Every relationship has its ups and downs, especially the longer two people are together. Disagreements and even some arguments are natural. You might even feel the need to take some major space at moments. I know I’ve personally been guilty of rolling my eyes at a partner when things were prickly between us. But when is an eye roll, a scoff, or even a temporary cold shoulder a sign of something greater? According to psychologist John Gottman, all of those might be indicative of what he calls The Four Horsemen of Relationships—a theory that suggests that the appearance of certain behaviors can spell certain doom for some couples.

The Four Horsemen of Relationships consist of Criticism, Contempt, Defensiveness, and Stonewalling.

Criticism refers mainly to criticizing your partner directly versus just making a complaint about something they did (or failed to do), such as failing to load the dishwasher one night. Think: criticizing the way they do certain chores, criticizing their looks, their job, their interests, etc.

“These unkind words can leave the criticized partner feeling less than, rejected, flawed, or not good enough. If left unchecked, criticism can worsen your relationship and make room for the other Horsemen to follow quite easily,” says Monique Dunn, an LCSW-S and licensed therapist and owner of Destination Therapy.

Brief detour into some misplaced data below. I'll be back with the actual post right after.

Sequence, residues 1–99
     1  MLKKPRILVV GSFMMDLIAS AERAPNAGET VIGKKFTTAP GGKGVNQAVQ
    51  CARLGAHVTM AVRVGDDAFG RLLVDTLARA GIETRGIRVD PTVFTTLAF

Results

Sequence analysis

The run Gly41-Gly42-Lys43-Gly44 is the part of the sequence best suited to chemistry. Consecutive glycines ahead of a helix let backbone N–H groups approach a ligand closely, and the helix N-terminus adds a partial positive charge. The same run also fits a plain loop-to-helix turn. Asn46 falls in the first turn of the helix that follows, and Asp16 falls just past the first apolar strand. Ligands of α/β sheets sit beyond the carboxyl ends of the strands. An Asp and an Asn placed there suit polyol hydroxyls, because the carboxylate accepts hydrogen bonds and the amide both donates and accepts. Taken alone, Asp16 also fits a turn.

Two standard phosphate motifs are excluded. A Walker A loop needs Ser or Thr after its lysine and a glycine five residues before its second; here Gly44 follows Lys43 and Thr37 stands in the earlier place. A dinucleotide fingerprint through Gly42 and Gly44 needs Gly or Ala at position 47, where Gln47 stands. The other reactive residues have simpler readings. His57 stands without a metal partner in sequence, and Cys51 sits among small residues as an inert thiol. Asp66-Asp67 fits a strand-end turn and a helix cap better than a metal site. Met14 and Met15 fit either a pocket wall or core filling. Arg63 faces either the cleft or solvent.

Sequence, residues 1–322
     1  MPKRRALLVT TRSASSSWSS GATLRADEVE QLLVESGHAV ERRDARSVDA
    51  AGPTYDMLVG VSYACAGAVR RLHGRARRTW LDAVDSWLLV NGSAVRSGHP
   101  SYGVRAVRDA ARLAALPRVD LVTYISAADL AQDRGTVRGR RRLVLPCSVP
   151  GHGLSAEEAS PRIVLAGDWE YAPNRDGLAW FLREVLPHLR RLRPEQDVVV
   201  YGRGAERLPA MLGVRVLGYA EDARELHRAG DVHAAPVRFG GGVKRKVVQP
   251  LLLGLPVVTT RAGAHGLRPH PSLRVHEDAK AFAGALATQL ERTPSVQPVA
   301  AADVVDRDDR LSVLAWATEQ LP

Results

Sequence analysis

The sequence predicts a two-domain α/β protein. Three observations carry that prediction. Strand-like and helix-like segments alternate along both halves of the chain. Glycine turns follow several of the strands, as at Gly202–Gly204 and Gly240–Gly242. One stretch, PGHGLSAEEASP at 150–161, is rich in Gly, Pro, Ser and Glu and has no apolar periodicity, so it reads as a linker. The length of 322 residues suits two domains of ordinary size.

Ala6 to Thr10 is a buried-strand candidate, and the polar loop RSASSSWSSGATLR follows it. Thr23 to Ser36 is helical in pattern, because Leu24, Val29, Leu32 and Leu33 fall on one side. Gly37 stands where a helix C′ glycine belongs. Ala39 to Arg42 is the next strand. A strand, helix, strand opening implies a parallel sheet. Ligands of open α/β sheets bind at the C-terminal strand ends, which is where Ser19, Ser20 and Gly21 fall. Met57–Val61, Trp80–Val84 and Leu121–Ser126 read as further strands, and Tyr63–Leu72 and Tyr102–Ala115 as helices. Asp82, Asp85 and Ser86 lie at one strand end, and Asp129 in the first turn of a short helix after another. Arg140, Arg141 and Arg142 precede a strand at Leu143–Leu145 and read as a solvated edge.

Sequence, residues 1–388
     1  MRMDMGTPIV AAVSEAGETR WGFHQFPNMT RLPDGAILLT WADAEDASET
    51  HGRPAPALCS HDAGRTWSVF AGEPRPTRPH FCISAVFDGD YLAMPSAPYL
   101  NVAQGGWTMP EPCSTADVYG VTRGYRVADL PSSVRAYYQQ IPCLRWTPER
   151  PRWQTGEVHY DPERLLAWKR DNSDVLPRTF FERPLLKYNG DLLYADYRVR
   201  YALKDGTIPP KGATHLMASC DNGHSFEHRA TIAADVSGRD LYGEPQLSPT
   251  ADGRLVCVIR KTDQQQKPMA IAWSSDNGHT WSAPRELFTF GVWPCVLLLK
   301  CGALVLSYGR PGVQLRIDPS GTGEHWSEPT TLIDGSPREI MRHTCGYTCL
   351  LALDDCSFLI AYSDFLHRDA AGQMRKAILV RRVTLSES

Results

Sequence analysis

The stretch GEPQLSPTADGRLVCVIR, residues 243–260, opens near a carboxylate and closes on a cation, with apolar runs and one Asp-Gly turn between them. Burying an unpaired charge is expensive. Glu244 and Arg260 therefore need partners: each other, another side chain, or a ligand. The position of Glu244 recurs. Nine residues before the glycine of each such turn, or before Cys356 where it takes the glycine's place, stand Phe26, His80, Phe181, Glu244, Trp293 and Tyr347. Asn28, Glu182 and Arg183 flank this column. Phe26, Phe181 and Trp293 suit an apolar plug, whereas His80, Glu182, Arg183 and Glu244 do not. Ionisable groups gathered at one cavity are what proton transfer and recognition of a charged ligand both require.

Contempt shows up in our treatment of our partners, which might include using sarcasm, berating and ridiculing them, and being otherwise disrespectful. It’s like criticism x 100. The eye-rolling I mentioned above could technically fall into this category, depending on the situation. Mostly, the contemptuous partner is looking to hurt the receiver (but sometimes both partners will do this back and forth).

“Contempt can push your relationship to the point of no return because it usually indicates a build-up of negativity and resentment, clouding any chance of positivity seeping back into your view of the relationship,” says Paige Bond, LMFT and founder of Couples Counseling of Central Florida.

The third is Defensiveness—being unable to take responsibility for one’s actions and/or accept fair critiques. In a state of defensiveness, one will look for excuses rather than simply apologize for a behavior or action, and may even turn it around to blame the other partner.

“Where there is a lot of criticism, there is often a lot of defensiveness in return, and this cycle can be incredibly negative,” Dunn says.

The final Horseman is Stonewalling. Often the result of too much contempt in a relationship, this is when a partner decides to “check out” of the relationship, often failing to interact with or even respond to their partner. They might act busier than they actually are, turn away from their partner during conversation or even when they enter the room, or simply stay distracted at all times so as not to have to engage. According to Gottman, this can be one of the most challenging habits to break.